Outreach: Project Motion Goes International, Thank Goodness We All Speak Rhythm!

Forty-three Brazilian Youth Ambassadors packed the Meyer Studio at our Atlas Performing Arts Center studio location last Monday. As a project of World Learning, their trip to the States included a visit to JOMDC to learn American Hip Hop dance and culture from our faculty member, and resident Hip Hop expert, Aysha Upchurch. But who ended up getting schooled? Here’s Aysha’s firsthand account of her 2-hour immersion in the maravilhosa world of Brazilian teendom.

[youtube http://www.youtube.com/watch?v=cXRnHWv479Q]

By: Aysha Upchurch

The prophetic musing my friend spoke in passing has truly become my career and revealed itself to be my life’s mission. “Aysha, you can just become a dancing diplomat.” What my classmate suggested to me my sophomore year in college as I struggled to reconcile my interests in seemingly divergent careers has truly come to life. Majoring in International Relations and going on to receive a Master’s degree in International Peace and Conflict Resolution, all while putting in long hours at the studio led me right here.

And where is here? Well, last week “here” was the JOMDC Atlas studio where I spent two hours with about 40 of my new Brazilian friends conducting a bit of Hip Hop dance diplomacy. My “Tales of a Dancing Diplomat” usually require me to use my passport and my minor in Spanish to get the job done. Well, this time I had the honor of playing on my home field. While I pride myself on my ability to pick up the basics of most languages, I had only mastered about 3 phrases of intelligible Portuguese. However, I was sure there would be an interpreter should the “5, 6, 7, 8,” “boom-khack,” or hand gestures not be sufficient for getting the main points across. Well, imagine how relieved I was that these students were fluent in English. They still taught me some basic dance phrases and relevant body parts in their native tongue. (Now my internal dictionary of useful but non-sequitur Portuguese vocabulary has greatly expanded…obrigado!)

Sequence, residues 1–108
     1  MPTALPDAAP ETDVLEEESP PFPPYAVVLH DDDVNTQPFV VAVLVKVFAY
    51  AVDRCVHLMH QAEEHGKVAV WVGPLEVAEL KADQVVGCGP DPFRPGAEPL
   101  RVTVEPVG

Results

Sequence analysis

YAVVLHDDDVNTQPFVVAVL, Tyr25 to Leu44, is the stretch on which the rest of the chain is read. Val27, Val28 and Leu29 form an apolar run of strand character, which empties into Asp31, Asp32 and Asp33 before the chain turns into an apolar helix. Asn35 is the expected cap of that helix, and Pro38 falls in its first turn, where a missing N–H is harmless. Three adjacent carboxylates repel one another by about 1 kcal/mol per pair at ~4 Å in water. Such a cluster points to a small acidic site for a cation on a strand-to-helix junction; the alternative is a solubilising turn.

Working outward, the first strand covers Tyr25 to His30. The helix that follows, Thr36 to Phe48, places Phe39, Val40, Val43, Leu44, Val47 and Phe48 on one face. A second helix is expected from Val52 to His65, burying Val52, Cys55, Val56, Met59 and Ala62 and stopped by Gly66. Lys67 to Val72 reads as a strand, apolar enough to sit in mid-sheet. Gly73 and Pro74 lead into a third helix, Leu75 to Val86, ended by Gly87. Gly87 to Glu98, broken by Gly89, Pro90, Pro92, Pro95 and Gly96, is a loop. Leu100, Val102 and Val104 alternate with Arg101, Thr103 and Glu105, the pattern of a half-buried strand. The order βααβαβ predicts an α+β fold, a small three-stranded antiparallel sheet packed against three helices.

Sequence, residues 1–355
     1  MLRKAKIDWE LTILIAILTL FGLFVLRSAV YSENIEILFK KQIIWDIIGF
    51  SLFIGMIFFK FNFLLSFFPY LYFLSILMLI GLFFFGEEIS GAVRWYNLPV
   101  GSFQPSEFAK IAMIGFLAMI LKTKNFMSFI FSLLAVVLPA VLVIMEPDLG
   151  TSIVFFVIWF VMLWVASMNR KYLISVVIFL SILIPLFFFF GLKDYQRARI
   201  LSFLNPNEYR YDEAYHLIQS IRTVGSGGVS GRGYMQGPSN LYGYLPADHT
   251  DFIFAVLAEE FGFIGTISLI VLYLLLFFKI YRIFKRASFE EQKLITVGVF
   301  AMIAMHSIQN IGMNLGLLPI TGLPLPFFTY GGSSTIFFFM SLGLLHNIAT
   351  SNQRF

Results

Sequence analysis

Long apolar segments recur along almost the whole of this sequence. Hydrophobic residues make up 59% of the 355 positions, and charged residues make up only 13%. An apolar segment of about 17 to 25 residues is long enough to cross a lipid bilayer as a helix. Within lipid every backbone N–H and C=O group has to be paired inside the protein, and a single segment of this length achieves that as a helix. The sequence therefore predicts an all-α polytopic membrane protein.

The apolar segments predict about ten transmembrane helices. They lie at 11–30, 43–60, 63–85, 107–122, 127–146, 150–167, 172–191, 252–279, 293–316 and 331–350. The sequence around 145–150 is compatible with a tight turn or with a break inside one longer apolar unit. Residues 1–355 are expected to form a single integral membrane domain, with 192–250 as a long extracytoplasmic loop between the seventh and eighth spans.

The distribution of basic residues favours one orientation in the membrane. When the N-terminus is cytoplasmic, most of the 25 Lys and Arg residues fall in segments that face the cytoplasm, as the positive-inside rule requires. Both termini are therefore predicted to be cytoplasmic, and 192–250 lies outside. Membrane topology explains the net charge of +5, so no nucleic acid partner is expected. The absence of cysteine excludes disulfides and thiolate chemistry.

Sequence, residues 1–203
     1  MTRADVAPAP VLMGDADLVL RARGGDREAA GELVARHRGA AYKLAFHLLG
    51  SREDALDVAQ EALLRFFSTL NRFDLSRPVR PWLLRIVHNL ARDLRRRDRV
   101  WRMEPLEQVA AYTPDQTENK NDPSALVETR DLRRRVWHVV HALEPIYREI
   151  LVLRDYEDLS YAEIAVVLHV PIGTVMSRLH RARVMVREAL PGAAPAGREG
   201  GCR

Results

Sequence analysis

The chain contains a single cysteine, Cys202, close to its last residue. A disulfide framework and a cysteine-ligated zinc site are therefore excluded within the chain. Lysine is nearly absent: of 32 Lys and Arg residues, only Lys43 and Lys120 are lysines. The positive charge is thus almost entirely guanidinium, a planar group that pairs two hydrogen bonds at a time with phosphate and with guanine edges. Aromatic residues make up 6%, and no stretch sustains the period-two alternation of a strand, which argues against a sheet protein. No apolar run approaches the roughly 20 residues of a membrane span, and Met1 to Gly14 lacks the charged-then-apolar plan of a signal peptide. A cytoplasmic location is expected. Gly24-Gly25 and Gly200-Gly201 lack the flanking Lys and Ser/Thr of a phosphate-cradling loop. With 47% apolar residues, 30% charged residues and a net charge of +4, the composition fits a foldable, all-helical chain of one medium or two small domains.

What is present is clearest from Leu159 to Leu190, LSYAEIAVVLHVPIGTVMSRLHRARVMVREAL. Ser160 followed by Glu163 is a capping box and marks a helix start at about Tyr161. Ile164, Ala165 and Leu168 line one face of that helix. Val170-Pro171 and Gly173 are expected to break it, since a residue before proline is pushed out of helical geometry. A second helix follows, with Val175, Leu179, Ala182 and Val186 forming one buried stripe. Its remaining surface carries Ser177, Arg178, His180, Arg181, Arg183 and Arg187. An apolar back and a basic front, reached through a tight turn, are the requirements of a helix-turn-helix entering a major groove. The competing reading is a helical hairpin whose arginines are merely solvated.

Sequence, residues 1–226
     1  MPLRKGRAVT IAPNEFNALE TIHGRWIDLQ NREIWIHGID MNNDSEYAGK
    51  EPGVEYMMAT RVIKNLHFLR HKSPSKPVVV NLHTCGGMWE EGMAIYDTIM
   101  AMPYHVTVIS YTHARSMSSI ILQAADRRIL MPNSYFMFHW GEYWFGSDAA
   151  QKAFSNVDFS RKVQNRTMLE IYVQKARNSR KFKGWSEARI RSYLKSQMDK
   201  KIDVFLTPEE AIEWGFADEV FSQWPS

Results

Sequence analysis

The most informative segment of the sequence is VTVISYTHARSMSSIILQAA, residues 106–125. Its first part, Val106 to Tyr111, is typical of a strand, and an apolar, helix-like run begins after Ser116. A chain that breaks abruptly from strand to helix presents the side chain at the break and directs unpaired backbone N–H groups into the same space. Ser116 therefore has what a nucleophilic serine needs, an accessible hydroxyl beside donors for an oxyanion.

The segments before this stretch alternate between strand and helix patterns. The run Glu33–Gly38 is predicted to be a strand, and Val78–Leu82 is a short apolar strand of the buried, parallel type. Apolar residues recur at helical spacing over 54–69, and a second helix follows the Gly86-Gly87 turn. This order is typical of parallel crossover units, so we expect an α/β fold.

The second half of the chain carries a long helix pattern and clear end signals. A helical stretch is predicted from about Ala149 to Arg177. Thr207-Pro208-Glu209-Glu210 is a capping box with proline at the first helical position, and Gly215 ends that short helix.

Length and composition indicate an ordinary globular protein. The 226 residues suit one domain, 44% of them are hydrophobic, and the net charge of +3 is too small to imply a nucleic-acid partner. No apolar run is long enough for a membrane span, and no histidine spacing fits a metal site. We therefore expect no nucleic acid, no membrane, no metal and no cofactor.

Brazilian swagger

However, as I have found in other similar experiences, rhythm is a universal language. Sure countries and sub-cultures have their own traditional sound and movement, but we all have just that – sound and movement. My new friends already know what should happen when you hear music. I simply gave them some new tricks and options for how they can react to the beat. Applause greeted every move I introduced to them and proceeded every time they executed it. We top-rocked, mean-mugged, popped, locked and grooved it out. I shared the what, when and why of Hip Hop and then got schooled about the Brazilian-side of things. Yup! You better believe the cipher turned into a full-out dance party exchange. I got some one-on-one samba tips, got a live Capoeira demo, and learned many other Brazilian dances and rhythms.

Smiles were abundant. I love my job. I get to share something I love and learn about how it looks in other cultures…for a living. After a full-out paparazzi session of photos and hugs, our session was over. But I continue smiling for two reasons: first because I know that everyone part of that workshop (the youth, the staff and myself included) will hold on to what we learned, and secondly because my friend was such a prophet and that workshop was just further evidence.

Many thanks to JOMDC for hosting the event and to World Learning for creating such a program. Stay tuned for more Tales of a Dancing Diplomat…have passport, will dance!!